LOS ANGELES -- A YouTube personality who was shot during a strange clash outside a West Los Angeles synagogue last month has filed a civil lawsuit against the security guard who opened fire and his employers, accusing them of assault, false imprisonment and discriminating against her because she is transgender, according to court documents.
Zhoie Perez, 45, was filming outside the Etz Jacob Congregation/Ohel Chana High School building in Los Angeles' Fairfax district on Feb. 14 when she became involved in an altercation with security guard Edduin Zelayagrunfeld.
Videos Perez posted to her YouTube channel, where she is better known as "Furry Potato," show the 44-year-old guard repeatedly telling Perez to leave the area and constantly moving his hand toward his firearm, even though she was standing on a public sidewalk.
At one point in the video, Zelayagrunfeld threatened to shoot Perez if she did not move away from an entrance. The guard appeared to have his weapon pointed toward the ground when a gunshot is heard in the video.
In the suit filed Wednesday, Perez accused the guard, the high school and the Etz Jacob Torah Center of assault, false imprisonment, negligence and discrimination. The suit repeatedly points out that Perez -- a self-described "First Amendment auditor" whose videos center on reaffirming her right to film in public, sometimes with confrontational results -- had remained peaceful and on a public sidewalk despite the guard's hostile actions.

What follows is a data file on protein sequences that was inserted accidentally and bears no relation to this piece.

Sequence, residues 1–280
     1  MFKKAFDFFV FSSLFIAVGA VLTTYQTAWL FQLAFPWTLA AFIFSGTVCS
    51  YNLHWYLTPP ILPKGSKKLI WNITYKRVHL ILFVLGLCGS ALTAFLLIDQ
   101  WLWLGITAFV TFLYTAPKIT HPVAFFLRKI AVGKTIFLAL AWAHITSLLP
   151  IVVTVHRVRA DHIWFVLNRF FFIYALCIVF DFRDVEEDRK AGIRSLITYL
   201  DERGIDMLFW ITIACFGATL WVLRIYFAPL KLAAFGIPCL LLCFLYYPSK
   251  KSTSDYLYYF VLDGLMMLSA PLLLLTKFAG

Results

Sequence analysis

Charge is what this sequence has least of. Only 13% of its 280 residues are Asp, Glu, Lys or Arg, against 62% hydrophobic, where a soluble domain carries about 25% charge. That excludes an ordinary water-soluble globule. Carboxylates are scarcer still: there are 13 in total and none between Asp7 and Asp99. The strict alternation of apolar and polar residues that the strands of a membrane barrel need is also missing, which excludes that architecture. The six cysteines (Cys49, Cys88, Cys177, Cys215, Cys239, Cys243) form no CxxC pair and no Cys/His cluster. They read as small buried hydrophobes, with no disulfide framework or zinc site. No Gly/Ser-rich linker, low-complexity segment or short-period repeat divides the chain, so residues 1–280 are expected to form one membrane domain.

"Following plaintiff's lawful recording of the interaction, defendant (Zelayagrunfeld) became belligerent and without provocation, justification, or reason began to harass, intimidate, coerce, and threaten plaintiff with deadly force, including without limitation, repeatedly pointing his finger and gun at plaintiff's face, yelling at and threatening to shoot plaintiff," the suit read.
Perez suffered what she described as a "deep graze" and was treated and released within hours of the clash. Zelayagrunfeld was initially arrested on suspicion of assault with a deadly weapon, though prosecutors asked the Los Angeles Police Department to conduct a deeper investigation into the incident before they make a filing decision.
Paul Eakins, a spokesman for the district attorney's office, said Wednesday that the case remains under review. The LAPD did not immediately respond to a request for comment.
Attempts to contact Zelayagrunfeld have been unsuccessful. An employee who answered the phone at the Torah Center referred questions to the LAPD and could not provide the name of an attorney for the congregation. A woman at the high school hung up the phone when contacted by a Los Angeles Times reporter Wednesday.
On her YouTube channel, Perez seems to repeatedly prod at the edges of busy or popular locations around Los Angeles in her videos, sparking interactions that start out playfully confrontational, but can sometimes grow tense.
Late last year, Perez posted a video from outside the Islamic Center of Southern California in Koreatown. She was pepper-sprayed by a security guard. The LAPD also responded to that scene, and Perez said she was on a public sidewalk when the guard sprayed her.
The February clash outside the synagogue stoked concern in the neighborhood in the wake of a rise in anti-Semitic crimes across the nation. Late last year, a Seattle man was accused of trying to run two men over outside a Los Angeles synagogue while yelling slurs in what prosecutors have termed a hate-motivated attack.
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